We are going to start doing a few guest posts here. I don’t know how regular they will be, but I expect to get several in per year. The simple goal is to share some cool work out there with my readers and expose some of these artists to a new group of people! Guests will be sharing a bit about themselves, their philosophies, and their futures.
For the first one, I invited in a friend, best known to the world as Miss Aniela. She is very popular on Flickr, to say the least! I will not talk about her too much… it’s best to let her describe herself! I asked her to include three of her favorite photos, and then I picked one of my own favorites at the bottom.
Miss Aniela, from Brighton, UK
Most of my work as it stands currently is self-portraiture. I got into this when I first discovered the world of photo-sharing in 2006. Since then I have had two exhibitions and I now speak at international tradeshows and events and work full-time as a photographer.
I like to create images that are primarily visually pleasing: treats for the eyes that use stimulating colour, composition and angle. In my latest work, I keep this approach but with more of a view to incorporating a certain concept within the planning, but allowing for some of the spontaneity as in my earlier work.
I hope people like my work for its aesthetics, but I also take pride in being a ‘one-woman show’ in creating my work; independently photographing, modelling for, processing and then sharing online. So far I have used only improvised lighting, basic equipment and haphazard locations. I find these elements to be challenging to certain norms, and I hope that people enjoy that different take on photography. I am an ‘amateur’ who became pro, not through formal training but through sheer curiosity and passion alone. It is a great reward to be able to inspire other people to try the same.
In the near future I do want to develop my skills with bigger and better equipment, and use my style on other people more and more. My first goal is to get a sturdier tripod.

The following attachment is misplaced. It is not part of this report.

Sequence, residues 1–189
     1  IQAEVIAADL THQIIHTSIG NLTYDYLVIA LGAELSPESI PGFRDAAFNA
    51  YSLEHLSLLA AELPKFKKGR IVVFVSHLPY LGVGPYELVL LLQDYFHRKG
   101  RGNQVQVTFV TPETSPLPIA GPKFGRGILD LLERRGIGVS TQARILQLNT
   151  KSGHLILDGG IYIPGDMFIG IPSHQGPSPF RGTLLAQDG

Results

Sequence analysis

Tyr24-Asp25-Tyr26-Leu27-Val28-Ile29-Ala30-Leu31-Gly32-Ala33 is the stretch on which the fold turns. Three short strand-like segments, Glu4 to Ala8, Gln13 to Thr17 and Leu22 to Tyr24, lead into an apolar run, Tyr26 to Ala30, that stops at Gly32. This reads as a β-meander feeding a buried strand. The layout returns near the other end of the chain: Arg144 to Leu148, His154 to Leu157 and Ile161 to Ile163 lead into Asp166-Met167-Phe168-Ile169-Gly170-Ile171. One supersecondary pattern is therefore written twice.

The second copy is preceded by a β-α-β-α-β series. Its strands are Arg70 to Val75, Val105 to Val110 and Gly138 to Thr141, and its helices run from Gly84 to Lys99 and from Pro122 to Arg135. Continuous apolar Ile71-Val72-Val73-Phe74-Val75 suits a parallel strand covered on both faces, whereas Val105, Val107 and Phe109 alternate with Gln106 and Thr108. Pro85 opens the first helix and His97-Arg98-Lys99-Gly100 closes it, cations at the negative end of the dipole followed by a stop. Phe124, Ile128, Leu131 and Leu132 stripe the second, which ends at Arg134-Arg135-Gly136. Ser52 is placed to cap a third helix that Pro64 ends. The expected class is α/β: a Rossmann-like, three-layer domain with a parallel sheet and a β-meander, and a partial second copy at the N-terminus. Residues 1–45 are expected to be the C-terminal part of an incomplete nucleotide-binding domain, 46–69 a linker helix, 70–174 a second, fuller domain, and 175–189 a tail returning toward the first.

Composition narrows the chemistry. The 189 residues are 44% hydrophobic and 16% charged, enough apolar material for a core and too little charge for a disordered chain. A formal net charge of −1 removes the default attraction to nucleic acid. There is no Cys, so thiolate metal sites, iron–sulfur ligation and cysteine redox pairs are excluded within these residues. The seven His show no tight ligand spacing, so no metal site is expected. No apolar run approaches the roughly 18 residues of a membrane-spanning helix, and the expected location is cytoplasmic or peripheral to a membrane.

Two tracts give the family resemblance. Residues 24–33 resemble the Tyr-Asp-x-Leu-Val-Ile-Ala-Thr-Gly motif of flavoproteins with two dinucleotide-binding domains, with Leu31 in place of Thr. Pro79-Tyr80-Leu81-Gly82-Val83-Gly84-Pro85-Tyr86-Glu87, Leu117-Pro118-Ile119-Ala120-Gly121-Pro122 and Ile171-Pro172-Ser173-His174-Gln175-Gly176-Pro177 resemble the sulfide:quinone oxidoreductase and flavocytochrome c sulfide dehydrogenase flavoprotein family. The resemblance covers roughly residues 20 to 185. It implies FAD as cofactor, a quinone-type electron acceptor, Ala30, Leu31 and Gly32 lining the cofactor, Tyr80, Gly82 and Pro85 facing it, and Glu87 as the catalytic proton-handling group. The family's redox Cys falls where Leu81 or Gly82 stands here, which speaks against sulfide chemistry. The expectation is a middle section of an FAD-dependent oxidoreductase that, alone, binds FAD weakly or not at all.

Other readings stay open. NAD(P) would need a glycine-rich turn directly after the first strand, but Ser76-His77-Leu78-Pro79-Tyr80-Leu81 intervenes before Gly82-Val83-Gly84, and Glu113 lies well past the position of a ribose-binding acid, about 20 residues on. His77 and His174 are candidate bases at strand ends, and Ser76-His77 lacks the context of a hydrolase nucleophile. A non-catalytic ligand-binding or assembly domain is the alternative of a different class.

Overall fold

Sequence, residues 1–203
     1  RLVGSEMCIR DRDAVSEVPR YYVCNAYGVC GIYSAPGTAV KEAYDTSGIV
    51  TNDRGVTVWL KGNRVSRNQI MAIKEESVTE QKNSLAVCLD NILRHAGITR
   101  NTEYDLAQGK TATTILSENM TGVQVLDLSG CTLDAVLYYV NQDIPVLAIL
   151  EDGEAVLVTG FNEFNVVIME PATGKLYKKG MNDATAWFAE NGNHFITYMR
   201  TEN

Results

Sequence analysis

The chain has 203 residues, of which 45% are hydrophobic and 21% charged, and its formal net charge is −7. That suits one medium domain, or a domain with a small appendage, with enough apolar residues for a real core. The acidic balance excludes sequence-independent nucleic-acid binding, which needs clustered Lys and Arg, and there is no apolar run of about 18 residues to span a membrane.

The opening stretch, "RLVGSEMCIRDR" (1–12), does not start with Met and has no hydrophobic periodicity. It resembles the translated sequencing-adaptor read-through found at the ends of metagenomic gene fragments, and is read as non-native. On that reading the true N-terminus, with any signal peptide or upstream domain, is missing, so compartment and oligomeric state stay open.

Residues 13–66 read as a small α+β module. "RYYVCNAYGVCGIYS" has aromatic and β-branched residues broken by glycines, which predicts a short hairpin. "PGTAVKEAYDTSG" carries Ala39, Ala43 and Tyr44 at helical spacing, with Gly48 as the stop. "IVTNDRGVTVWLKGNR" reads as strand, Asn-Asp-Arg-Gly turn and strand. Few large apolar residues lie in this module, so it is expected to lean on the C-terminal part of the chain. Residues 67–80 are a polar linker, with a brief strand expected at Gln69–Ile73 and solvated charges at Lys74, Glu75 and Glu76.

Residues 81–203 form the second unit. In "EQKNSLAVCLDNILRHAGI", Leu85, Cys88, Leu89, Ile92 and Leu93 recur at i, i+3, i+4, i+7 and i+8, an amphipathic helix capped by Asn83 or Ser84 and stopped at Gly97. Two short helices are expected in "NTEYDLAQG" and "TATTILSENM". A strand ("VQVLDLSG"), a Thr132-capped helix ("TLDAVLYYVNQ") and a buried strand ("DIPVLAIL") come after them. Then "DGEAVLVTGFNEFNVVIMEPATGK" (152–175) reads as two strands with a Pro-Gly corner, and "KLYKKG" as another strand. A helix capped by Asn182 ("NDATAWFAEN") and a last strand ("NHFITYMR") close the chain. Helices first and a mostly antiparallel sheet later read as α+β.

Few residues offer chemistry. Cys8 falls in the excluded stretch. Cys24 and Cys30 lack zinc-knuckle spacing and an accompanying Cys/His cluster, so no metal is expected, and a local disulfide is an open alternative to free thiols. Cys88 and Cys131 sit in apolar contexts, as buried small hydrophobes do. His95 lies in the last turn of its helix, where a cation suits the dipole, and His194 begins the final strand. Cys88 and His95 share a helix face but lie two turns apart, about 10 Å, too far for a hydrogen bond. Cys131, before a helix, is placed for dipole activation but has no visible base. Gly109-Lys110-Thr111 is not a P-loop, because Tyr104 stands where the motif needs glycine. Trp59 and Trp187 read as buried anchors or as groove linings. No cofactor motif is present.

And now, the three photos, as selected and described by Miss Aniela:
This is one of my personal faves, and it’s one of those pictures that took the least time to shoot, though with a bit more intricacy to process. I had the idea of floating with my head in a box, and called in my boyfriend from playing his Xbox in the living room to propel my legs into the air during a few 10-second timer dashes. He went away again while I shot the other images that were to be used in the composite. I didn’t expect the image to come out so clean looking, as the hallway is quite dark and there were cumbersome walls round the edges of the image. It certainly got a lot of gasps and wows on Flickr, this being another ‘levitation’ picture, a series of which I have created partly inspired by the work I have seen of Julia Fullerton-Batten.
Ah, now, this pic is special to me. Not just because I generally like it, but because of what it proves to me as an artist – someone who is always getting frustrated about how to get a good pic. Other images I have taken have proved that it’s possible to get a good image straight-in-camera, there and then. However, this image did not come out of the camera like this – indeed, the original is nothing special, at least not to me. It’s the work I did to it, quite a minimal series of adjustments, that transformed an image of me on a hill, with the dog in the way, getting blown red-nosed straight into what I felt was photographic impotence; into what seems like a 50s film-still of someone not me, but a mysterious actress gazing wistfully out from between pleasing little distant tree stumps. Yet, the dark scowling eyes tell me that it is definitely me. So, this image proves that there are snaps one might overlook from their shoots, which with some special attention can be ‘unlocked’, if you like, revealing a whole new world, and causing undue artistic satisfaction and amazement. I joke about ‘trying to get a South by southeast’ when out taking new pics.
This is a clone picture taken in Milan. My boyfriend was the ‘human tripod’ here, holding the camera as still as humanly possible whilst I ran about in a public place, something with which I was not so confident – but there was only one man in the distance, so I got on with it. The first image we liked was the frontmost figure you see – she was a perfect haphazard shot, and all she needed was some perfunctory decoration in the form of a few accompanying clones. I didn’t share the final composite, strangely enough, until about 6 months later on Flickr. I wasn’t completely happy with the image until I made some tweaks to bring the characters closer together in harmony, and then, mid-cold-January, shared it online as a summery treat. It went down well, so I wondered why it had been stuck in the drawer for so long. Maybe it was tweaking those shadows that seemed like an endless job?
And now, (this is Trey again) I’ll post one of my favorite photoworks she has done:
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